Already as it darkens, we arrive in Madhugiri, where we find a good, cheap accommodation “Lodge”. In Indian style we start the next day with a Dosa and drive through the beautiful landscape. At noon we are again invited by a teacher for lunch. He later takes us to his school. It is a public school and a girls class with 150 students greets us screaming, we feel almost like pop stars and Judith even has to sing with the girls. On the way we stop at a family, which is busy with the peanut harvest. They are happy for our interest and give us some peanuts. Since they can not see how awkward we open them, two women skillfully peel the peanuts in no time for us.
As it dawns, there is a real migration of people from the fields to the villages. Women, men, children, goats and cows go home. In the fields peace comes. We see this as a perfect opportunity to camp free, which according to the reports we read in India is not possible. Without anyone having discovered us, we manage to set up our tent. To be on the safe side, we hang our food bag on a tree to keep nocturnal visitors away from the tent. In this mountainous and rocky area there should be bears and monkeys.
Early in the morning we pack our things, after we were discovered by an Indian.
Arrived in Hampi, we cycle through the temple ruins and admire especially the beautiful rocky landscape with the banana plantations and rice fields. Before we cross the river by boat, Judith buys some bananas. As soon as she holds them in the plastic bag, she is surprised by a cheeky monkey, who swiftly scurries away with two bananas! 😳 When Andi buys again some bananas, the saleswoman has to protect us from the monkey with a stick until the bananas can be stowed safely in the panniers. On the beautiful island there is one hostel after another. Only here in this area may the tourists be accommodated. We find a nice spot in “the Goan Garden”. We get to know many backpackers and many climbers who come to Hampi for bouldering. Again and again, we and our trip are given great interest. We enjoy the fresh shakes, the fine food and the romantic sunsets on the rocks. We are not the only ones who enjoy the beautiful views about the rice fields and palm trees from the rocks.
The next morning, we eagerly await the five-member Canadian family. The meeting was organised by our next Warmshower.org host. Wow, the family has been traveling for four months on their one-year trip. The three boys (13, 15 and 16 years old) are very independent and dutiful. Although they were allowed to take a one-year break from school, they voluntarily follow an online school course. The two parents Rick and Tanya are very keen to travel and are very travel experienced. As a family, it is already the second longer trip by bike. When the boys were 4, 6 and 7 years old, they cycled through the USA. There is no end to our astonishment. This encounter with this family was very inspiring for us.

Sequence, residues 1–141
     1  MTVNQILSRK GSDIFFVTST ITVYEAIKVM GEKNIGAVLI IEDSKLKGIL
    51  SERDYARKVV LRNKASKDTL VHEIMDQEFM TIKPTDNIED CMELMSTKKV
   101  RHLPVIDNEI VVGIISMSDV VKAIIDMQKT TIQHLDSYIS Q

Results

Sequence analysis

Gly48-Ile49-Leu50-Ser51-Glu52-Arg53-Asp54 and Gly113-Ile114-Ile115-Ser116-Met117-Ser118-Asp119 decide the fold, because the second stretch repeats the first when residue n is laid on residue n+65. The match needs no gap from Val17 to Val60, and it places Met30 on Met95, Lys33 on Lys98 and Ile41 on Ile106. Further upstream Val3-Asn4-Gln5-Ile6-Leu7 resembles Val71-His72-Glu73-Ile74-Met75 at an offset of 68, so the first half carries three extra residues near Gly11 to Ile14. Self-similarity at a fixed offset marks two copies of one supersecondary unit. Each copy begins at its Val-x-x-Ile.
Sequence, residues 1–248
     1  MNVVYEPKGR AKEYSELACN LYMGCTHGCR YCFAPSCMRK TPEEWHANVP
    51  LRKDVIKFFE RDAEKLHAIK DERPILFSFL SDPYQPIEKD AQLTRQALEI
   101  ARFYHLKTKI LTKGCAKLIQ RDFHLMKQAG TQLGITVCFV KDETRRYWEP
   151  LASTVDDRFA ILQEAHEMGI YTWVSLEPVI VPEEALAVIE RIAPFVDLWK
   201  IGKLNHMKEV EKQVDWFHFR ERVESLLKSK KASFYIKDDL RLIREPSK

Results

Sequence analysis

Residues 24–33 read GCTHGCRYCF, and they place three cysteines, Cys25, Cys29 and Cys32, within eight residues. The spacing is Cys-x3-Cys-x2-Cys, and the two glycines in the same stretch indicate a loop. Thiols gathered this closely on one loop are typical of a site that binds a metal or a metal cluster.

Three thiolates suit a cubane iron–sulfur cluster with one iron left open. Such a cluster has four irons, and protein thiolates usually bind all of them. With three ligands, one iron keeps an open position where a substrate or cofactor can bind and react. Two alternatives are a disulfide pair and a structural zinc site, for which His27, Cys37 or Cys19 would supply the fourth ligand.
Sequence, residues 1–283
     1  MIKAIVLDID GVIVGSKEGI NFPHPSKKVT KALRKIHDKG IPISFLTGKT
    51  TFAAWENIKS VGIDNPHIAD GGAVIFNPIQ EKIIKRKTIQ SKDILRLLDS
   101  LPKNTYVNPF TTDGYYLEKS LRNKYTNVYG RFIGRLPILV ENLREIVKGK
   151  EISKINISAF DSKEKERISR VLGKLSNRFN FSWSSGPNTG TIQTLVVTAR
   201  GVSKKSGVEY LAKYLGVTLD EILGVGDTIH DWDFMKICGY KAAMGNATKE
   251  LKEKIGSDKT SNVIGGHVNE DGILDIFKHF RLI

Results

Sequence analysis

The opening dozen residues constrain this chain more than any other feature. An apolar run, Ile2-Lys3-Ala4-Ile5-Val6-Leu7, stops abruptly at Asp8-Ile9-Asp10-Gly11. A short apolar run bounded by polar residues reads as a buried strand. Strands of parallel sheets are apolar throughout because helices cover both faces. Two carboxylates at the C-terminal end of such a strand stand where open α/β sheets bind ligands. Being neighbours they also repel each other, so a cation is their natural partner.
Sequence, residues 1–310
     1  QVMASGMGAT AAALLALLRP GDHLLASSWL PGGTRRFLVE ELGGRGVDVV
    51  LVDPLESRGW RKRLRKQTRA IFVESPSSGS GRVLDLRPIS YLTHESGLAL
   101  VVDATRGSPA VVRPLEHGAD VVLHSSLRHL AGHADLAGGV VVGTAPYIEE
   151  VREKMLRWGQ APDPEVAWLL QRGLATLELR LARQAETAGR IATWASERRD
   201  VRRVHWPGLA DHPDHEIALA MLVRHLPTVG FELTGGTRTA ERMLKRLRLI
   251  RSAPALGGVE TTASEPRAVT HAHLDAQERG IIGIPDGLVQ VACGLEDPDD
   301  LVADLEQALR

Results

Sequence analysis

Although Andi would have liked to stay longer in Hampi, we continue our journey to Hubbali after three relaxing days to our next Warmshower host Vivitt . Large corn fields, sunflower fields, chilli and cotton plantations characterise the landscape through which we cycle. After a long day of cycling we finally find a suitable place to sleep next to the Goverment Guesthouse.When we are already asleep, the owner comes back and calls us until we are both awake again. What he wanted exactly, we never found out. However he seemed very disappointed, when we refused to get up again. The next day Judith feels sick after breakfast. At noon with help of some coconut milk she can vomit and feels a little better. We are looking for an accommodation, because Judith desperately needs a rest. At night she gets fever and diarrhea. Despite our caution, she must have picked up something. The fact that Judith can not continue cycling soon becomes clear and we do not leave until the next day. In the evening there is a knock on the door. The owner of the guesthouse asks if we want to eat something. Andi orders chicken with Roti for 8:00 pm, which the owner confirms with a shake of his head. At 8:30 nobody nows anything about this order maybe they just wanted to know what we strangers usually eat when they nocked at our door and we discussed the food.